Astronomy has long been a field reliant on visualization. First, it was literal visualization—looking at the Sky. Today, though, astronomers are faced with the daunting task of understanding gigantic digital images from across the electromagnetic spectrum and contextualizing them with hugely complex physics simulations, in order to make more sense of our Universe.   In this talk, I will explain how new approaches to simultaneously exploring and explaining vast data sets allow astronomers—and other scientists—to make sense of what the data have to say, and to communicate what they learn to each other, and to the public.  In particular, I will talk about the evolution of the multi-dimensional linked-view data visualization environment known as glue (glueviz.org) and the Universe Information System called WorldWide Telescope (worldwidetelescope.org).  I will explain how glue is being used in medical and geographic information sciences, and I will discuss its future potential to expand into all fields where diverse, but related, multi-dimensional data sets can be profitably analyzed together.  Toward the aim of bringing the insights to be discussed to a broader audience, I will also introduce the new “10 Questions to Ask When Creating a Visualization” website, 10QViz.org.

 

Speaker biography: Professor Alyssa Goodman, Harvard University

Alyssa Goodman is the Robert Wheeler Willson Professor of Applied Astronomy at Harvard University, and a Research Associate of the Smithsonian Institution. Goodman’s research and teaching interests span astronomy, data visualization, and online systems for research and education. Goodman received her undergraduate degree in Physics from MIT in 1984 and a Ph.D. in Physics from Harvard in 1989. Goodman was awarded the Newton Lacy Pierce Prize from the American Astronomical Society in 1997, became full professor at Harvard in 1999, was named a Fellow of the American Association for the Advancement of Science in 2009, and chosen as Scientist of the Year by the Harvard Foundation in 2015. Goodman has served as Chair of the Astronomy Section of the American Association for the Advancement of Science and on the National Academy’s Board on Research Data and Information, and she currently serves on the both the IAU and AAS Working Groups on Astroinformatics and Astrostatistics. Goodman’s personal research presently focuses primarily on new ways to visualize and analyze the tremendous data volumes created by large and/or diverse astronomical surveys, and on improving our understanding of the structure of the Milky Way Galaxy. She is working closely with colleagues at the American Astronomical Society, helping to expand the use of the WorldWide Telescope program, in both research and in education.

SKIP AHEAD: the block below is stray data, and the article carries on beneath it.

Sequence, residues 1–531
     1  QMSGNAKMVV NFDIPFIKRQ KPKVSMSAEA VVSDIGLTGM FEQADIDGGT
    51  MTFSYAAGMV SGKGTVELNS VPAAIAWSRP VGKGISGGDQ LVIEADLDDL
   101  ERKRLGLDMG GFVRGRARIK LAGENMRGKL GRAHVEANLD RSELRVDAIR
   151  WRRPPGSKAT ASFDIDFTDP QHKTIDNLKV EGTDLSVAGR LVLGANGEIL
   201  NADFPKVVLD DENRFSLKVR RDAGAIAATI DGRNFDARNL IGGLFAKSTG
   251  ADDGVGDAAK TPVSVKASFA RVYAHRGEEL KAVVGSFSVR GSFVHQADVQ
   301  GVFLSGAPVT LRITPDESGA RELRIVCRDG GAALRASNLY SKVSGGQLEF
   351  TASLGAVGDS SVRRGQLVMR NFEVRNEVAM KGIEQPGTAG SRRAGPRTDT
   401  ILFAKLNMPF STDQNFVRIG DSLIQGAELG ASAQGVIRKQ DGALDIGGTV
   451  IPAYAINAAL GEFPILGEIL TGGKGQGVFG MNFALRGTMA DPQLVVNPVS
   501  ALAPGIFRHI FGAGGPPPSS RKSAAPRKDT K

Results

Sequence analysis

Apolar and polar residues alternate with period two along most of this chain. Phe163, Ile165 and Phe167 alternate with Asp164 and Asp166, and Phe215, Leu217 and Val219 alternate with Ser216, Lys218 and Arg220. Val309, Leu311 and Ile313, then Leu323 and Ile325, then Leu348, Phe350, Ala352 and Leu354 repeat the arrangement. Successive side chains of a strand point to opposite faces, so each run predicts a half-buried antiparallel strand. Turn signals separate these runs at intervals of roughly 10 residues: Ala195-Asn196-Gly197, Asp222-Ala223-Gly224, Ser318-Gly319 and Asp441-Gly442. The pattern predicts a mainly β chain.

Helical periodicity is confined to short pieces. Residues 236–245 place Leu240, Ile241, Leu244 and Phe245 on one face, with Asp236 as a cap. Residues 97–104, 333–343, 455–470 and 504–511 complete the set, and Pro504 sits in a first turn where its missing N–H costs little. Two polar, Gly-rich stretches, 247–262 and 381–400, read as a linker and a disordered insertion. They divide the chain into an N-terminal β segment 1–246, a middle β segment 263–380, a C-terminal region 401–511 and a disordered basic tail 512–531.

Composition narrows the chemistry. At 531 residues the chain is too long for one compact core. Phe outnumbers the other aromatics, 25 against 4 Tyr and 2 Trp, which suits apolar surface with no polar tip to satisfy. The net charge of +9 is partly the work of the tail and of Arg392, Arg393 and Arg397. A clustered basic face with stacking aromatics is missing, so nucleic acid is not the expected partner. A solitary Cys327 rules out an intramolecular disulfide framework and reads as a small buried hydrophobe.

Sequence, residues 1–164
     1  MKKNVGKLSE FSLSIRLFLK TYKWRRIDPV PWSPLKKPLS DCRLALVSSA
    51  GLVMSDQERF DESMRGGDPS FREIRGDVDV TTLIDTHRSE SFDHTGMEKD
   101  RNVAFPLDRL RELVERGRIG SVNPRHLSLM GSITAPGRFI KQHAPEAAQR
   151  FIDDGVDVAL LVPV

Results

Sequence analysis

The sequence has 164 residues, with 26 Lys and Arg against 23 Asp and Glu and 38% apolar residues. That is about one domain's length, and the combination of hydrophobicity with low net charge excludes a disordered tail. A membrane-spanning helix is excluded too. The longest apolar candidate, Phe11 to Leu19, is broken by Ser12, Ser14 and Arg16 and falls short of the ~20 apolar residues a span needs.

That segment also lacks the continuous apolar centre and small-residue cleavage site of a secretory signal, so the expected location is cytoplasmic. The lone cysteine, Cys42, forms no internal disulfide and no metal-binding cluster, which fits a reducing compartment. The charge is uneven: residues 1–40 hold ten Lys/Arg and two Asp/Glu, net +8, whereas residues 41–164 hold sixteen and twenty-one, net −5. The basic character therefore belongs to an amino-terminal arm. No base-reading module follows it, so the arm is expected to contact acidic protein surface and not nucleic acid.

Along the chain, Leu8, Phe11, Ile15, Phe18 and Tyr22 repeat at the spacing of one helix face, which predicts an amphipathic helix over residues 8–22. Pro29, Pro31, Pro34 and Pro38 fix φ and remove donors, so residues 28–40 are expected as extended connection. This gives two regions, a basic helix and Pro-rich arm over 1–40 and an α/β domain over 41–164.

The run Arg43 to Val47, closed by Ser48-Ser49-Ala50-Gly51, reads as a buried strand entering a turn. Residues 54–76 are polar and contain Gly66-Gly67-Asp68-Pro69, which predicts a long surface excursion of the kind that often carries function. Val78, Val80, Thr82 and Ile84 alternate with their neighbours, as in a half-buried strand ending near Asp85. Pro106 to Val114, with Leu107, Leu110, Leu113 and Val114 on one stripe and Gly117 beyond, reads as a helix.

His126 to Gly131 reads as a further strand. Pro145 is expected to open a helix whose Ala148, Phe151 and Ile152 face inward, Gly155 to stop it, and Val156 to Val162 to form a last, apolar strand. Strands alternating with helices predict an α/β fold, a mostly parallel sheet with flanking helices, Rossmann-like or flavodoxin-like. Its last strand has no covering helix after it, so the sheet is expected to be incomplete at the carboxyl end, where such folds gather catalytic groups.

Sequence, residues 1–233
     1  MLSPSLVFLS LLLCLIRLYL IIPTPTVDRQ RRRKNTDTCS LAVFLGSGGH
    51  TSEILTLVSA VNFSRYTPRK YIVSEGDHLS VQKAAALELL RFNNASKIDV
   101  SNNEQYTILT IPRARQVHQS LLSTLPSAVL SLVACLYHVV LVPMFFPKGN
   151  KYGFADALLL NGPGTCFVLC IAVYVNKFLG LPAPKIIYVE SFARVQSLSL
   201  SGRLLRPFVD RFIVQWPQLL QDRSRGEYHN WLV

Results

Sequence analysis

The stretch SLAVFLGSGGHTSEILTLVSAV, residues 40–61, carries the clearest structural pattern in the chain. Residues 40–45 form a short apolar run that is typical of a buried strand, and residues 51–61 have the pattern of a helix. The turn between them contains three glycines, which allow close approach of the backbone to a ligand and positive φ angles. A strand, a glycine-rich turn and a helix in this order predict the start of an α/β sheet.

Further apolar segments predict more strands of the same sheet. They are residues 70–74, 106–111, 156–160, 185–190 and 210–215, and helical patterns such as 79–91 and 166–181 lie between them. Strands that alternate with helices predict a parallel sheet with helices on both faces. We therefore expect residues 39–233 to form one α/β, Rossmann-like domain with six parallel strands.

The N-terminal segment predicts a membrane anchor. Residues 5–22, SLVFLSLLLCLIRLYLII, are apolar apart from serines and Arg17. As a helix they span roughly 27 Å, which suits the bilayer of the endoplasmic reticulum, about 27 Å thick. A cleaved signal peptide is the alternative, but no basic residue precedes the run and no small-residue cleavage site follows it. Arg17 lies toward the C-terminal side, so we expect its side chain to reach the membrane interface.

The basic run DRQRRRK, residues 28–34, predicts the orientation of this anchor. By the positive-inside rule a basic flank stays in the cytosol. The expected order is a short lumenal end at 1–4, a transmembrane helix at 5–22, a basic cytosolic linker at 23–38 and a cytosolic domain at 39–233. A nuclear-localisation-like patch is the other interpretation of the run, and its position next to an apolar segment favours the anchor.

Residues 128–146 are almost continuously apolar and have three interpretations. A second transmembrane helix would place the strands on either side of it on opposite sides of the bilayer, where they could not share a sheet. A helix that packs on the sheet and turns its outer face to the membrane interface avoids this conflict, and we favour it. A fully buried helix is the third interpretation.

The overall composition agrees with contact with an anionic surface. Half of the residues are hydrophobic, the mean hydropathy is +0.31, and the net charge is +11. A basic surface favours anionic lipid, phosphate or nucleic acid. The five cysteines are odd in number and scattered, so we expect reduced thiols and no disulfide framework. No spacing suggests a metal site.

SACHI Seminar: Alessio Malizia – User Experience: a step towards Natural User Interfaces.


Event details

  • When: 7th June 2018 14:00 - 15:00
  • Where: Cole 1.33a

Title: User Experience: a step towards Natural User Interfaces.

Abstract: The road to natural interfaces is still long and we are now witnessing an artificial naturality. These interfaces are natural, in the sense they employ hand gestures, but they are also artificial, because the system designer imposes the set of gestures. In this lecture we will explore together the benefits and issues of Natural User Interfaces.

Speaker biography: Alessio Malizia is a Professor of UX Design at the University of Hertfordshire and a distinguished speaker of the ACM (the international Association for Computer Machinery); he lives in London but is a “global soul” and has been living in Italy, Spain and US. He is the son of a blacksmith, but thereafter all pretensions of manual skills end. Prof. Malizia began his career as a bearded computer scientist at Sapienza – University of Rome and then, after an industrial experience in IBM and Silicon Graphics, moved on with a career in research. He was visiting researcher at the Xerox PARC where he was appreciated for his skills in neural networks (Multilayer Perceptrons) and as peanut butter and chocolate biscuits eater. He worked as Senior Lecturer at Brunel University London and as Associate Professor (and Spanish tapas aficionado) at the University Carlos III of Madrid. Prof Malizia’s research and teaching interests focus on Human-Centred Systems.

He is interested in the design of Ubiquitous Interactive Systems with a special focus on the End-User Development community. He is particularly interested in systems where the physical and digital become seamlessly intertwined producing a new hybrid landscape and the study of problems arising from designing such complex hybrid environments involving collaboration of various disciplines and stakeholders. In his role at the School of Creative Arts at University of Hertfordshire, he is keen to develop novel approaches and attract funding for improving methods to design almost invisible interfaces embedded in a physical environment naturally exploited by users’ innate interaction modalities.